• If you notice signs of anemia such as heart palpitations, running out of breath and pale skin
  • If nosebleeds occur and recur with increased regularity
  • If you're on blood-thinning medicine, such as warfarin
  • If you suffer from hemophilia, a condition that hampers the ability of your blood to clot properly

If your GP might order additional tests if he/she suspects that other health conditions such as hemophilia or anemia might also be at play.

Home Remedies to Stop a Nosebleed

Nosebleeds are extremely common and not life-threatening. More often than not, it can be treated easily using simple home remedies.

However, do not wait to seek medical help if you notice the following:

  • If the bleeding hasn’t stopped even after 20 minutes of using any remedy.
  • If the bleeding is profuse and is draining into the throat as well as out of your nose.
  • If you feel light-headed and/or you experience chest pain or a faster heartbeat.
  • If the bleeding is recurrent – 3 or 4 times every week or more than 6 episodes in a month.

You can use the following remedies to stop a nosebleed in less than 5 minutes.

Method 1: Ice Compress

This is the most effective first aid that you can use to stop a nosebleed. The cool temperature of an ice compress helps restrict the blood vessels to stop the bleeding immediately. (2)

Single-Step Treatment: Place an ice compress on your nose

Place an ice compress on the bridge of your nose
  • Place 3 or 4 ice cubes on a flannel cloth and bundle it up.
  • Sit down in a comfortable position. Sitting straight will keep your head above the level of your heart and help reduce bleeding.
  • Tilt your head forward to allow the blood to drain out from your nose.
  • Place the ice compress on the bridge of the nose for 2 to 3 minutes.

The ice compress will staunch the bleeding almost immediately. However, keep applying the compress for another 3 to 4 minutes to ensure that the bleeding has stopped completely.

Method 2: Squeeze It

Applying pressure on any site of bleeding gives time for the blood to coagulate and seal the ruptured blood vessel. Applying pressure on the nose by pinching it should be able to stop a nosebleed as well. (1) (3)

Single-Step Treatment: Pinch your nose for 10 minutes

Pinch your nose for 10 minutes to stop the bleeding
  • Sit down in a comfortable position.
  • Using your thumb and forefinger, squeeze your nose just below the bony structure. Breathe through your mouth while you do this.
  • Tilt your head slightly forward to prevent the blood from draining into your throat.
  • Keep your nose squeezed for at least 5 minutes. You can also place a cold compress on your nose for faster relief.
  • Release the nose and check for bleeding.

This remedy should stop the bleeding within 5 minutes. If needed, repeat for another 5 minutes.

Method 3: Coconut Oil

If you suffer from frequent nosebleeds during harsh weather, coconut oil can be used both as a treatment and preventive measure for a nosebleed. (4)

Caution: Since it is a fat-based product, do not put it too deep inside your nose, as it can enter into the lungs and cause complications.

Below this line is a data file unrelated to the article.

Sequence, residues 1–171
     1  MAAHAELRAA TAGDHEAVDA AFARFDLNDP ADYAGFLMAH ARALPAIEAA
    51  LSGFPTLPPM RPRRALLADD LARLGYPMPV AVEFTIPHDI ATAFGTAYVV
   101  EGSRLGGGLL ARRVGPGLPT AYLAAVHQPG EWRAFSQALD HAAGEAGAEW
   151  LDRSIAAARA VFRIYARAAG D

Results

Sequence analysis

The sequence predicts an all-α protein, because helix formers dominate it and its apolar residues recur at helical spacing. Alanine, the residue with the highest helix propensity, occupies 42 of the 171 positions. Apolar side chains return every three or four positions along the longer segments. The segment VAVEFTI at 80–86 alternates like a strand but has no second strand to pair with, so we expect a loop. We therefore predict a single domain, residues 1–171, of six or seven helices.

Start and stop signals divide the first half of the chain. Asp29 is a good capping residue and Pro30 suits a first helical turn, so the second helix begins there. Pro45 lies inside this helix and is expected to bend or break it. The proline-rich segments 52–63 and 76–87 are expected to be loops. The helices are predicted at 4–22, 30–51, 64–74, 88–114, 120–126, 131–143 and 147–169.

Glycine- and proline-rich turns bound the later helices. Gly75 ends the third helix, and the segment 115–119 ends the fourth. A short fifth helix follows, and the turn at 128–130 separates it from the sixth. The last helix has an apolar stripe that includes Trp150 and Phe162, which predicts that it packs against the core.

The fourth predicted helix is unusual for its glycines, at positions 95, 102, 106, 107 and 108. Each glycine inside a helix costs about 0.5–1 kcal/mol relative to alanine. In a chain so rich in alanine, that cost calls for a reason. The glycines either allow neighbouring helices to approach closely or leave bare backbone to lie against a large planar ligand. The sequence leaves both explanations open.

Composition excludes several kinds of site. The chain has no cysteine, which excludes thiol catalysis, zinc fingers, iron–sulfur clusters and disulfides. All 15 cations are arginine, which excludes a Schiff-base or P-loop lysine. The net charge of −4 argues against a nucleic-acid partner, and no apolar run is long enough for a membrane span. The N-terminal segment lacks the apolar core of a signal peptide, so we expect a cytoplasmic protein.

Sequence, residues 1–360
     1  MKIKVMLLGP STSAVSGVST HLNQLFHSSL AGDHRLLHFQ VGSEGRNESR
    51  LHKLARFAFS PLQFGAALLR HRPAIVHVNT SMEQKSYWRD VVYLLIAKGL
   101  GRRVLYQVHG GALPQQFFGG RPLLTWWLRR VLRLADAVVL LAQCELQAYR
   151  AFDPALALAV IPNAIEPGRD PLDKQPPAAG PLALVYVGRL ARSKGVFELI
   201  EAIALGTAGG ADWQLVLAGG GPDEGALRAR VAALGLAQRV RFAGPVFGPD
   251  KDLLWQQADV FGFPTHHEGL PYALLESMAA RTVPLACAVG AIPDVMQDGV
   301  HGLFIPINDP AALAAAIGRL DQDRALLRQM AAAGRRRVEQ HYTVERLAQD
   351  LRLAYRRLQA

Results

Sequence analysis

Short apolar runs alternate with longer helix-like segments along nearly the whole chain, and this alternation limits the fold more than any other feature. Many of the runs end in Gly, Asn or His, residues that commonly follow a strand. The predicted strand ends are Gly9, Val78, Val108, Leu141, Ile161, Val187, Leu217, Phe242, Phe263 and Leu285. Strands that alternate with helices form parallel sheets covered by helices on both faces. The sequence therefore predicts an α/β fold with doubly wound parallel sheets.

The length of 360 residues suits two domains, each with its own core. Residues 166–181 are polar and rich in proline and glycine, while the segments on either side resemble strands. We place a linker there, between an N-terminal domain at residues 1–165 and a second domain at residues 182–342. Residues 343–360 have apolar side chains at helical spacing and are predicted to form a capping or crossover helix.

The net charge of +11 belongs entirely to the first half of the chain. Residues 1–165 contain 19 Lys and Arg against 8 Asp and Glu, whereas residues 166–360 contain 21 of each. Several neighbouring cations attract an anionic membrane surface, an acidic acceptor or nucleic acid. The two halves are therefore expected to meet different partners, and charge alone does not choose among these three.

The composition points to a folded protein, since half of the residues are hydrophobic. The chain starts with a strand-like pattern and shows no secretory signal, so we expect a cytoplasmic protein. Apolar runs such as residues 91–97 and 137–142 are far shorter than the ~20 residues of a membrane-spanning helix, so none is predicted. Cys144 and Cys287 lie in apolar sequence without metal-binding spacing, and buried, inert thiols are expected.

Single-Step Treatment: Coat the inside of your nose with coconut oil

Coconut oil can be used both as a treatment and preventive measure for a nosebleed
  • Take some coconut oil on your fingers.
  • Coat the inside of your nostrils to keep them moisturized.

Coating the nostrils regularly with coconut oil will help prevent nosebleeds due to weather changes.

Method 4: Lavender Essential Oil

Lavender is the most versatile & widely used therapeutic of all essential oils. It can be useful to treat a nosebleed, as it will encourage healing & help staunch the blood. (5)

Single-Step Treatment: Apply lavender essential oil

Apply some lavender oil on the bleeding nostril
  • Put 2 drops of lavender essential oil on a cotton pad.
  • Place it on the affected nostril for 5 min or until bleeding stops.

Method 5: San Qi Herb (Panax Notoginseng)

The San Qi Herb used for bleeding or hemorrhage. It stops bleeding without causing stasis. (6) It has long been used in battle by soldiers to stem wounds.

Single-Step Treatment: Apply the herb powder to the bleeding nostril

Stop the bleeding using this age-old herb
  • Take about a teaspoon of the herb powder.
  • With the help of a q-tip, apply it to the affected nose.
  • Apply pressure 2-3 min or until bleeding stops.

Tips to stop a nosebleed

  • Your body requires vitamin K for the coagulation of blood. Hence, eating more foods rich in vitamin K can help reduce the chances of nosebleeds. Increase your intake of green leafy vegetables and fruits, such as avocados, kiwis and grapes.
  • If the nosebleed led to a stain on your favorite shirt, use some hydrogen peroxide to get it out.
  • Applying a cold metal to the back of your neck is an anecdote that is vouched by many. It is said to stop the bleeding by constricting the blood vessels. The cold metal like a pair of keys is needed to be placed on the back of the neck to work.
  • Inserting bacon up your nose is another folk remedy for treating a nosebleed. It is believed that pork contains certain properties that help the blood coagulate faster. It is especially effective for bleeding disorders.


  1. Morgan DJ, Kellerman R. Epistaxis: Evaluation and Treatment. PlumX Metrics. Published March 2014.
  2. Pope LER, Hobbs CGL. Epistaxis: an update on current management. Postgraduate Medical Journal. Published May 1, 2005.
  3. Leong, SCL, Karkanevatos A, Roe RJ. No frills management of epistaxis. Emergency Medicine Journal. Published 2005.
  4. Verallo-Rowell VM, Dillague KM, Syah-Tjundawan BS. Novel antibacterial and emollient effects of coconut and virgin olive oils in adult atopic dermatitis. Dermatitis. Published 2008.
  5. Mori H- M, Kawanami H, Kawahata H. Wound healing potential of lavender oil by acceleration of granulation and wound contraction through induction of TGF-β in a rat model. BMC Complementary and Alternative Medicine. Published May 26, 2016.
  6. Liang W, Leung PC, Yew DT. Panax notoginseng: A Double-Edged Sword in Haemostasis? Alternative & Integrative Medicine. Published November 16, 2013.